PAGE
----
This compiles a dozen tracks spanning seven Spoon LPs and a solid new song. We’ve always loved Britt Daniel and Co. dearly, so anything that collects standouts like “The Underdog” and “Cherry Bomb” is essential. But the song selection here is not. Nothing from the first two albums? Questionable choices from Gimme Fiction and Girls Can Tell? Oh no, we just can’t, can’t, can’t, can’t, can’t, can’t believe it.

Prince Originals (The Prince Estate/Warner Bros./TIDAL)
The 15 songs collected here—chosen in part by Jay-Z—are ones that His Royal Badness wrote and gave to others (including the Bangles, Sinéad O’Connor, Kenny Rogers and Martika) to record. Listening to Prince’s demo versions, you see how closely they wisely stuck to his original vision for each of the tracks.

David Bowie The ‘Mercury’ Demos (Parlophone)
50 years ago, David Bowie and fellow guitarist/vocalist John “Hutch” Hutchinson recorded these 10 songs live in one take in Bowie’s apartment at the request of Mercury Records. First track “Space Oddity” launched (pun intended) Bowie’s career later that year. Hutch eventually stopped playing music professionally and got a job in the oil industry. As for Major Tom … well, we know he’s a junkie.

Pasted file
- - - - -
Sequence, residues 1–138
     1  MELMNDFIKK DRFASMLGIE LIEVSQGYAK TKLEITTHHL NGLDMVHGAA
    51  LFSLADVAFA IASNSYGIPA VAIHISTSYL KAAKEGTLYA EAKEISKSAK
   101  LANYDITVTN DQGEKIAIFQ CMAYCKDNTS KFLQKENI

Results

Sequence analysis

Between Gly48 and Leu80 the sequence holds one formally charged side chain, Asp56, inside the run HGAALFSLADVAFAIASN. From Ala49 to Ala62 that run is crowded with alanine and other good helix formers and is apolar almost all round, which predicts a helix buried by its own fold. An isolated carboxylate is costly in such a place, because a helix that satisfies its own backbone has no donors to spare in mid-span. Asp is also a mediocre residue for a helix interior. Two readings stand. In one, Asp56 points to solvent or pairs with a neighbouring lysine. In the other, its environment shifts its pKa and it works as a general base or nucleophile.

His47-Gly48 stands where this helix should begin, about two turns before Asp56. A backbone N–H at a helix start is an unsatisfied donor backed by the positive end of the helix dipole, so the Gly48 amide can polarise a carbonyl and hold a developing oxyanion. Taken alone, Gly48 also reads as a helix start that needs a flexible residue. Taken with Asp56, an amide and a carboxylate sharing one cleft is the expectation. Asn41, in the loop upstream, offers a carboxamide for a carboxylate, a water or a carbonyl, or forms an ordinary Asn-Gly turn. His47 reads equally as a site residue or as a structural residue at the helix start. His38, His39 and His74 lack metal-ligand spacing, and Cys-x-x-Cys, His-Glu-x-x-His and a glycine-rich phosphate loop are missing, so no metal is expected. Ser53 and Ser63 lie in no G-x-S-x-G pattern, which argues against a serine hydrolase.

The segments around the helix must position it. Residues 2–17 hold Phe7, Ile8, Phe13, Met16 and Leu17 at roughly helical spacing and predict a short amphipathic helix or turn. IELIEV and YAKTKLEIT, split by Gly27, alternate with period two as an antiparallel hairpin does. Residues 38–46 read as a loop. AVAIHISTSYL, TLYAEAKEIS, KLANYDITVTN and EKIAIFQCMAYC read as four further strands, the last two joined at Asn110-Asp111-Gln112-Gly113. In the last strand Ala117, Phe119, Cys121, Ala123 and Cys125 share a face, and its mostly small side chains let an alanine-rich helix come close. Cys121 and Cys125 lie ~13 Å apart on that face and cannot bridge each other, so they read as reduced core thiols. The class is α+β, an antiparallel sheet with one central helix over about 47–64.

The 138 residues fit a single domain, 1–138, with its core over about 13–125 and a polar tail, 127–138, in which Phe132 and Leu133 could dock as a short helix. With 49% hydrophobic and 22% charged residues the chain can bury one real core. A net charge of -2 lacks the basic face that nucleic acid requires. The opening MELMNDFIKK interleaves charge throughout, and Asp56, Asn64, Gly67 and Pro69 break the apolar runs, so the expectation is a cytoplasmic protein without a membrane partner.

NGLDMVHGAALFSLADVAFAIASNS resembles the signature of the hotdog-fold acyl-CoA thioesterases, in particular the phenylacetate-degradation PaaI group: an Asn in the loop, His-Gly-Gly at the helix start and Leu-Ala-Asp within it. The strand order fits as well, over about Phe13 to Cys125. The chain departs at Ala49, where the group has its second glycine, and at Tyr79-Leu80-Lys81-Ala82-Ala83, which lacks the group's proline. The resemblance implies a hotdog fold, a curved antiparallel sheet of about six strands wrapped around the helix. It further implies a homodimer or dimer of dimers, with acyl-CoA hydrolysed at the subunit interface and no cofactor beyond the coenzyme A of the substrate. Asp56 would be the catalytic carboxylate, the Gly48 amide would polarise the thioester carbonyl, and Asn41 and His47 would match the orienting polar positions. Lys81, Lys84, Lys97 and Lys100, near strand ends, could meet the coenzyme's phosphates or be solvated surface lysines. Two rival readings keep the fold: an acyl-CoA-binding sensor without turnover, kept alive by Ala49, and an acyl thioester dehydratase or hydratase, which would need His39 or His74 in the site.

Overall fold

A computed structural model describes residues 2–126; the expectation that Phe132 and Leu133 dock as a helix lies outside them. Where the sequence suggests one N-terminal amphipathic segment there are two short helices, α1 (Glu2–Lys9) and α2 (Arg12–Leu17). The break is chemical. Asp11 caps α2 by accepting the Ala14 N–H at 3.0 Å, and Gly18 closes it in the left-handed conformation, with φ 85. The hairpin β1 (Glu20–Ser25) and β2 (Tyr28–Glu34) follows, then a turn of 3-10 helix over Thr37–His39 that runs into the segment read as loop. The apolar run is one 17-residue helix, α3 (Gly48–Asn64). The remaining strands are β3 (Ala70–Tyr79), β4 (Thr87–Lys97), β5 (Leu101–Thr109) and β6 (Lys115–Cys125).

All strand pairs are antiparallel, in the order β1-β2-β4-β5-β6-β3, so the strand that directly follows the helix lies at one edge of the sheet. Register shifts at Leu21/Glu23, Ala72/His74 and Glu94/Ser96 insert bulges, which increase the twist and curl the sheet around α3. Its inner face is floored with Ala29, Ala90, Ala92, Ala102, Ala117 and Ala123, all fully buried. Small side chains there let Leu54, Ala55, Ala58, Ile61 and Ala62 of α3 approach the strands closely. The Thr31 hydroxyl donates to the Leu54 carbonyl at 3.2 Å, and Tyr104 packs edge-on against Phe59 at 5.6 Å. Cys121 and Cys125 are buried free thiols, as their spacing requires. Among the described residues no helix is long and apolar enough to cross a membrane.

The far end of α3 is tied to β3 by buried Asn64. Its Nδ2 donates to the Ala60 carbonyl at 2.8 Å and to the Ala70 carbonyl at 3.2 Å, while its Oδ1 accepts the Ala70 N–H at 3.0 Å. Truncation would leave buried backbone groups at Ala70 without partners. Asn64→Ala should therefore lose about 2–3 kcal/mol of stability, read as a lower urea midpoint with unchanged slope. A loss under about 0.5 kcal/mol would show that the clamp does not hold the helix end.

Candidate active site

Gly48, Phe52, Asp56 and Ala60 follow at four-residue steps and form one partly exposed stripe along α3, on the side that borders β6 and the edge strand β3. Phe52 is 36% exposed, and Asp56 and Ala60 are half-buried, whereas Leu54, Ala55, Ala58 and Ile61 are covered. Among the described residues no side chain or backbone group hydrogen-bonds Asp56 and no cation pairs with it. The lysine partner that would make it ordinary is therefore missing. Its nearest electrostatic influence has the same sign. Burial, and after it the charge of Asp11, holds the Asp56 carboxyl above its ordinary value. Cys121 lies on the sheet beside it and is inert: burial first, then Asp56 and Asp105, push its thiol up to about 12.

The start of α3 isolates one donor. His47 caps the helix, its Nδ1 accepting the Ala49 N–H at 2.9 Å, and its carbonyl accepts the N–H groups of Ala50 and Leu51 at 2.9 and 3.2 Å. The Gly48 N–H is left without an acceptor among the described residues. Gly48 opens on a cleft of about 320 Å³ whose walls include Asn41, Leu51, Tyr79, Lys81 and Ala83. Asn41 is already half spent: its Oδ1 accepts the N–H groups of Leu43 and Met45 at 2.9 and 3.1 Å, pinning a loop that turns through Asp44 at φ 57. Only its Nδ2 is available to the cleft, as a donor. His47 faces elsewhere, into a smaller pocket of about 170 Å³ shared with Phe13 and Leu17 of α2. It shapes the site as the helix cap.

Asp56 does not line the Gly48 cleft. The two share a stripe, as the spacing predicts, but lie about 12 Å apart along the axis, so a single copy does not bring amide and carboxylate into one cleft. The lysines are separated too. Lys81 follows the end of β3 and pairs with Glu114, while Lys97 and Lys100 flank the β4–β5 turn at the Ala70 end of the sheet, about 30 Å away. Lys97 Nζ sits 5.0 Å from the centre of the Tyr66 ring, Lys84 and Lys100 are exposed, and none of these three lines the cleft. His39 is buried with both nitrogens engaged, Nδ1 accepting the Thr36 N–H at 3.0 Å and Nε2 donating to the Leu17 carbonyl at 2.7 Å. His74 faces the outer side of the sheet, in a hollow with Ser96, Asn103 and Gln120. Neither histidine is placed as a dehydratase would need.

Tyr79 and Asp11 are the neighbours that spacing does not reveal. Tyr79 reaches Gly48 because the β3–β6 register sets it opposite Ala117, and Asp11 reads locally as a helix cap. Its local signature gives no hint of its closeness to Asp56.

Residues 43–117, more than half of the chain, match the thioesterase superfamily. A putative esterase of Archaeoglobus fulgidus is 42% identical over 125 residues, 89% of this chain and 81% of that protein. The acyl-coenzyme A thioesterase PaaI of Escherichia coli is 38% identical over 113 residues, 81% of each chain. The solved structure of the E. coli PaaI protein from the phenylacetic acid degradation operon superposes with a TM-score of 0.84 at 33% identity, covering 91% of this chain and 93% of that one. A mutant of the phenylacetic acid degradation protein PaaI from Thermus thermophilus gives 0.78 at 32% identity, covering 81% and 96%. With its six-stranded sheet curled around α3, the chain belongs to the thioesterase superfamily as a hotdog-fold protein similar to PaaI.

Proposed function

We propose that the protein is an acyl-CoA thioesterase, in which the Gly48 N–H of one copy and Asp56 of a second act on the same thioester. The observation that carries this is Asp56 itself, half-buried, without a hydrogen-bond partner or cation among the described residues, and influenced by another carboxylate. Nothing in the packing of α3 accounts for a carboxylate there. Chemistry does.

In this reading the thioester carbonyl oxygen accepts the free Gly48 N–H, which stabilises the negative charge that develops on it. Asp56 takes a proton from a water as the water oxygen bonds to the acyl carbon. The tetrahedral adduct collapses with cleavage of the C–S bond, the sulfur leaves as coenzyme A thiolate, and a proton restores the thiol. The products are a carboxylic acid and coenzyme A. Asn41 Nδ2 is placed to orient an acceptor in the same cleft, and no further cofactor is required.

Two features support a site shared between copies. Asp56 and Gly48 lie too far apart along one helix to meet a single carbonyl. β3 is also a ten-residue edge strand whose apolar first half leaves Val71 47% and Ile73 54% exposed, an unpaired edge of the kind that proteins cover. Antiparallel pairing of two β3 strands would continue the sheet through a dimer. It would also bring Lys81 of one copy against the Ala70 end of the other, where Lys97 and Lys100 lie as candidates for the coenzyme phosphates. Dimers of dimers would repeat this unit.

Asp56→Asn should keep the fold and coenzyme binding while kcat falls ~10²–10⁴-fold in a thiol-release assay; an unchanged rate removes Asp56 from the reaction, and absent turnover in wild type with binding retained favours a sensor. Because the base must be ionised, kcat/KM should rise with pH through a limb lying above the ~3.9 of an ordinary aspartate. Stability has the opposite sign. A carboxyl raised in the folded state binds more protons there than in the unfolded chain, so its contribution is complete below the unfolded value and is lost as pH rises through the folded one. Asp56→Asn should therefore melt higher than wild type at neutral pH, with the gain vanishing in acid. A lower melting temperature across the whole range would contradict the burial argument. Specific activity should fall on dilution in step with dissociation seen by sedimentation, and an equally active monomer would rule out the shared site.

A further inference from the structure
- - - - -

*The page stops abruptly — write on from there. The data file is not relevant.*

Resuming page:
Everything But The Girl Amplified Heart: 25th Anniversary Edition (Buzzin’ Fly)
Tracey Thorn and Ben Watt were a critically acclaimed duo with modest mainstream success for the first dozen years of their career. And then came their seventh album and its worldwide hit single, “Missing.” Amplified Heart now appears on vinyl for the first time, with half-speed mastering. The artwork is new (the original photos went, uh, missing sometime after the album’s 1994 release), and the track listing is faithful to the initial 10-track running order (without the bonus tracks found on later CD runs and the 2013 reissue).

The B-52’s Cosmic Thing: 30th Anniversary Expanded Edition (Rhino)
This two-CD set features the original album and assorted b-sides and remixes (all remastered), plus a previously unreleased 16-track live set from 1990 with fan faves like “Rock Lobster” and “Private Idaho.” You’re what?

Preservation Hall Jazz Band That’s It! and So It Is (Sub Pop)